This week marks the 60th birthday of the first patent filing for a technology that is very close to our hearts here in the VDC AutoID practice: barcode. To most people, a barcode is nothing but a bunch of black and white lines on the products they purchase at the store, but for us—the AutoID professionals and enthusiasts of the world—the barcode is an efficient, elegant and cost-effective way of storing and accessing data that has stood the test of time.
In the technology world, 60 years is an eternity. Reflect briefly on the devices/ technologies that seemed cutting edge just 10 or 15 years ago, and we bet you will smile reminiscing about the simpler days of dial-up modems, Zack Morris-style cell phones and good old PDAs. Now consider that barcode existed for decades before all of these things, and that it is still alive and well today. In many ways, it is a notable achievement. While barcode is certainly a mature technology, we see a strong future ahead for the barcode market, thanks to its ongoing evolution and the development of vertical- and application-specific uses. VDC sees a other indicators of barcode’s vitality:
- Increased consumer use of mobile barcode for a range of commerce-related applications including couponing, loyalty, information access and even payment. Demonstrated consumer interest in scanning barcodes via their smartphones is driving retailers, hospitality providers, CPG brands and other consumer-facing enterprises to invest in solutions that engage these shoppers.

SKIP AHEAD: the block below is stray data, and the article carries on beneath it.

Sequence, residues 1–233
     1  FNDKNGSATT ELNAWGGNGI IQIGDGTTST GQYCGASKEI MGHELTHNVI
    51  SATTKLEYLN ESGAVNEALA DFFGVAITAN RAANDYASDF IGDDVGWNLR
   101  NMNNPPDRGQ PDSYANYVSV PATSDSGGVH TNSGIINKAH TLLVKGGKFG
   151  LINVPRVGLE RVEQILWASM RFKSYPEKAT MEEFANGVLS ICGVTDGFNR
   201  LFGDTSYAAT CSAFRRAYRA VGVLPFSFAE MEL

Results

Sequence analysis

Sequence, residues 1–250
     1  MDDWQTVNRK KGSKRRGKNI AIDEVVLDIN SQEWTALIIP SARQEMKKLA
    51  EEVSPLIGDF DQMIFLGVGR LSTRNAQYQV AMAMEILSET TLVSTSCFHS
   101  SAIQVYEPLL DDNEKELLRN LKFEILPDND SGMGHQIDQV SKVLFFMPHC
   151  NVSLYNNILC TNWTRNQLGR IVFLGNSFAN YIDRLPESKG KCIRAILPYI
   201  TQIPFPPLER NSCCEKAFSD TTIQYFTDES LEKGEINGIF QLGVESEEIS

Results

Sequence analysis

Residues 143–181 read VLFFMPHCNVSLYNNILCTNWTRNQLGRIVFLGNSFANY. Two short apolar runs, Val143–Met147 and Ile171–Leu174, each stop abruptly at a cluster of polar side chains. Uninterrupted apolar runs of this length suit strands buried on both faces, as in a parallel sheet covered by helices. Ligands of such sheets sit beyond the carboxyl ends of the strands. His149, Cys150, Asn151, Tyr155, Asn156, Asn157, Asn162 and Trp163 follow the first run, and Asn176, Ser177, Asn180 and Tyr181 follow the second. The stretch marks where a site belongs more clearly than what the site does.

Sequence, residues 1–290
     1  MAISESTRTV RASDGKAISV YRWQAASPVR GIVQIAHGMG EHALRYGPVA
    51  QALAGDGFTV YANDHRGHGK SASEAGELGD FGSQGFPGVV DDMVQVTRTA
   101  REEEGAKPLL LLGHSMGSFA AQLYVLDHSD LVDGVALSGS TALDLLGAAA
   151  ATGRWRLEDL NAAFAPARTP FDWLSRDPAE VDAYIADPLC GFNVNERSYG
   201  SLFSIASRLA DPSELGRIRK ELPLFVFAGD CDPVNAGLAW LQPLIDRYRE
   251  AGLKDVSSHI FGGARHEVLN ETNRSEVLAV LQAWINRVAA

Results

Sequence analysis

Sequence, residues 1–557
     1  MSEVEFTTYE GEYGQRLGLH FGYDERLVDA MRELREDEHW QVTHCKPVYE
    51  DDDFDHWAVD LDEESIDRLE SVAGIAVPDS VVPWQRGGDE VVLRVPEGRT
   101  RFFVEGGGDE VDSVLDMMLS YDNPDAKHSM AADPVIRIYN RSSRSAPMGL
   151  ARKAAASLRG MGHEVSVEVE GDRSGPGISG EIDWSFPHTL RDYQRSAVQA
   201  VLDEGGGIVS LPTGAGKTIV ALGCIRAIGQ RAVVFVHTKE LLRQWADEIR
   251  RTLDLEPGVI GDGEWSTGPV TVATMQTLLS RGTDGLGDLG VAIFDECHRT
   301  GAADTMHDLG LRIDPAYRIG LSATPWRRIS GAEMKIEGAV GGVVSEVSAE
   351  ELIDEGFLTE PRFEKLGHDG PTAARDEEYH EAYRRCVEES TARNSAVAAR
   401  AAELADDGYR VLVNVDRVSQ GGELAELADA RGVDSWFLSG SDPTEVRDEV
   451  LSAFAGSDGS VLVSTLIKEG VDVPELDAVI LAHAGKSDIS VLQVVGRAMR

- The US FDA’s Unique Device Identifier (UDI) mandate will increase barcode adoption (and other AutoID solutions) in healthcare: The federal UDI mandate, set to take effect in 2014 for high-risk (i.e., implantable) medical devices (and subsequently for lower-risk categories) requires all medical devices to be marked with a unique code containing critical information including manufacturer, model number and expiration date. While we expect barcode will not be the only solution used to comply with this regulation, it is highly likely to play a prominent role.
- New symbologies have recently emerged, and others are in development. Han Xin Code and Ultracode, for example, are two of the most recently introduced barcode types. Han Xin codes were developed to encode large numbers of Chinese, numeric and ASCII characters, and can be printed in multiple sizes, while Ultracode was designed for printing on uneven surfaces that are poorly-suited to standard symbologies. We expect additional symbologies could emerge in the future to address specific requirements, particularly for consumer-facing applications.
Some NFC and RFID evangelists claim these technologies will ultimately lead to the demise of the barcode. VDC does not expect that to happen, nor do we expect any major market shift away from barcode to occur anytime soon. Barcode has a lot of momentum and will be extremely difficult to displace: it is universally supported, highly cost-effective (from both a printing and hardware/solution perspective), familiar to consumers and enterprises and boasts 40 years of proven experience in retail—barcode was first tested by Kroger Supermarkets in 1972, 20 years after its invention. The “scanless”/contactless future NFC and RFID promise could very well become reality someday far from now, but for the time being, we expect barcode to remain dominant in most applications. Happy birthday, barcode…